B2B Consulting: Can Consulting Help You Build and Validate a Business Faster?

Maybe the most challenging part of the customer development process is being able to get enough face time with prospective buyers.

It’s challenging because it means:

If you can’t do that, your business will have a hard time gaining momentum.

Overcoming Inertia with B2B Consulting

“Speed of learning creates speed of growth.”Jason M. Lemkin, Entrepreneur and Investor

Now, what if there was a way to drastically cut the time it takes to get this information from organizations?

Although they’re often kept separate, B2B consulting and tech entrepreneurship don’t have to be mutually exclusive. In fact, consulting may be the fastest way to learn about a market or a business opportunity.

In its simplest form, product-market validation means…

  1. Finding 5 early adopters in organizations;
  2. Pre-selling them on a standardized pilot project;
  3. Delivering on the value sold;
  4. Iterating on feedback;
  5. Reaching product/market fit;
  6. Leveraging case studies to attract additional customers.

Seeking out consulting engagements within a single vertical (e.g. construction, banking, etc.) allows you to do customer discovery while working, map the organization, build trust and relationships with influencers, and hone in on their specific pain points. All that while actually getting paid for work.

If your expertise is related to the product or technology you’re hoping to build, B2B consulting engagements give you a first crack at validation. Can you (at least) get paid by organizations if you solve their problem manually?

B2B Consulting: Can Consulting Help You Build and Validate Your Business Faster?
Can B2B Consulting Help Speed Up Product-Market Validation?

No Idea, No Problem with B2B Consulting

Once you’re in the organization, you’ll have the opportunity to ask questions, test hypotheses, map processes, and dig into their business problems.

With several clients in the same vertical, you’ll also be able to learn about the commonalities between client accounts, map the spending, and understand the rationale for selecting specific vendors or solutions.

Casual chats will help you uncover both explicit and implicit problems; the problems business stakeholders are aware of and actively looking for solutions for, and those they may not be aware of.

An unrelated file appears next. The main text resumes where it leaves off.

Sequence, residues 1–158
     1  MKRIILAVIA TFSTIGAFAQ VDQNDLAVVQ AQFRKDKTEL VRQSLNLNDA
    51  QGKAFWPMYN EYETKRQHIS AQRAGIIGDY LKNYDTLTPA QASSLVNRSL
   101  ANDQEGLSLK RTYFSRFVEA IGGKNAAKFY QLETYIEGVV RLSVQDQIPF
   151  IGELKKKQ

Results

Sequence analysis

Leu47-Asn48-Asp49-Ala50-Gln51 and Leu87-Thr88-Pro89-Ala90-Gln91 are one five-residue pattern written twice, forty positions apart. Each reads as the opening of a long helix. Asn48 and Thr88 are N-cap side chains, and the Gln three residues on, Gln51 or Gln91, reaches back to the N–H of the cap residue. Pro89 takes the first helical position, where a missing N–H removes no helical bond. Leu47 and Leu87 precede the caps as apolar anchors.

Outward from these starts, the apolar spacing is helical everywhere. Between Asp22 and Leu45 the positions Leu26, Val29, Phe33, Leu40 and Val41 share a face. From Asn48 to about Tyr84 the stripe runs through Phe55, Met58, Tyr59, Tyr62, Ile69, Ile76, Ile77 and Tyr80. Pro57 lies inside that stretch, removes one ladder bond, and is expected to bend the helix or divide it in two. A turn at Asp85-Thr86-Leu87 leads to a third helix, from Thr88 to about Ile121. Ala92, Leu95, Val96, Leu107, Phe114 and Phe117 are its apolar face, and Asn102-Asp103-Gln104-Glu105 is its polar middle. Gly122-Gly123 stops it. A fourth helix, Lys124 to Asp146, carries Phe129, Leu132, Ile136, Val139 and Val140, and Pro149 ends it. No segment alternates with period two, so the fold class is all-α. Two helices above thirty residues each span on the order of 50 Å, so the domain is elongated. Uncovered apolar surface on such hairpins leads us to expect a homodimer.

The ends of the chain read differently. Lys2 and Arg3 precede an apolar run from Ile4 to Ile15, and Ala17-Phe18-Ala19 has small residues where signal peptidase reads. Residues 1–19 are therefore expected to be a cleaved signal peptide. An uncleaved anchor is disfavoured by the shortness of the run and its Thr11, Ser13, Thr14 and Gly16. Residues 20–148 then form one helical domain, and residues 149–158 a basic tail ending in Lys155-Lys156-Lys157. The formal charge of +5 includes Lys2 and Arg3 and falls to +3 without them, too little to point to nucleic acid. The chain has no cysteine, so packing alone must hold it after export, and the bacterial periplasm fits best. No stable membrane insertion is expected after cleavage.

Keep your eyes out for the most painful problems, those with a high potential impact on the organization and a buyer with budget and buying authority.

B2B Consulting: Productized Services vs Technology Products

Whether you’re looking to turn your B2B consulting into a productized service – a value-added, systemized, “done-for-you” service, packaged as a product with a defined scope and price – or software, the key thing you’re looking for is repeatability.

Are there ways to provide the same value…

  • …to different organizations?
  • …to different departments within the same organization?
  • …in a repeatable manner – monthly, quarterly, yearly, etc – to the same organization?

Starting off with a service business will help you understand how to reach the buyers and create an effective distribution strategy.

In B2B, more proximity and face time with buyers and organizations means faster learning, testing and validation.

B2B consulting allows you to generate income, explore multiple organizations at once, and build relationships.

If your goal is to bootstrap your business and keep your costs low, validation through B2B consulting may very well be your fastest path to product-market validation.

More on B2B Consulting

How to Find Business Opportunities by Analyzing B2B SaaS Pricing Pages

There’s a lot that can be learned by studying B2B SaaS pricing pages.

Once you’ve homed in on a market, you can find business opportunities by analyzing the technology landscape, looking at what business customers already buy.

You can speed up product-market validation by identifying gaps in the product offerings on the market and capitalizing on those opportunities. This is what this post is all about.

What You Can Learn by Analyzing B2B SaaS Pricing Pages

B2B SaaS pricing models are usually representations of the companies’ business models.

The features, plans, price points and omissions all say something about the way the business delivers value to its customers. In other words, every line in a pricing table is intended to get a certain reaction from prospective customers.

By going through different pricing pages in the market you’re targeting, you can learn about:

  • The features that are most-valued by customers;
  • The “whole product”, or the features that customers expect;
  • Customer segments and the functionalities they value and pay for;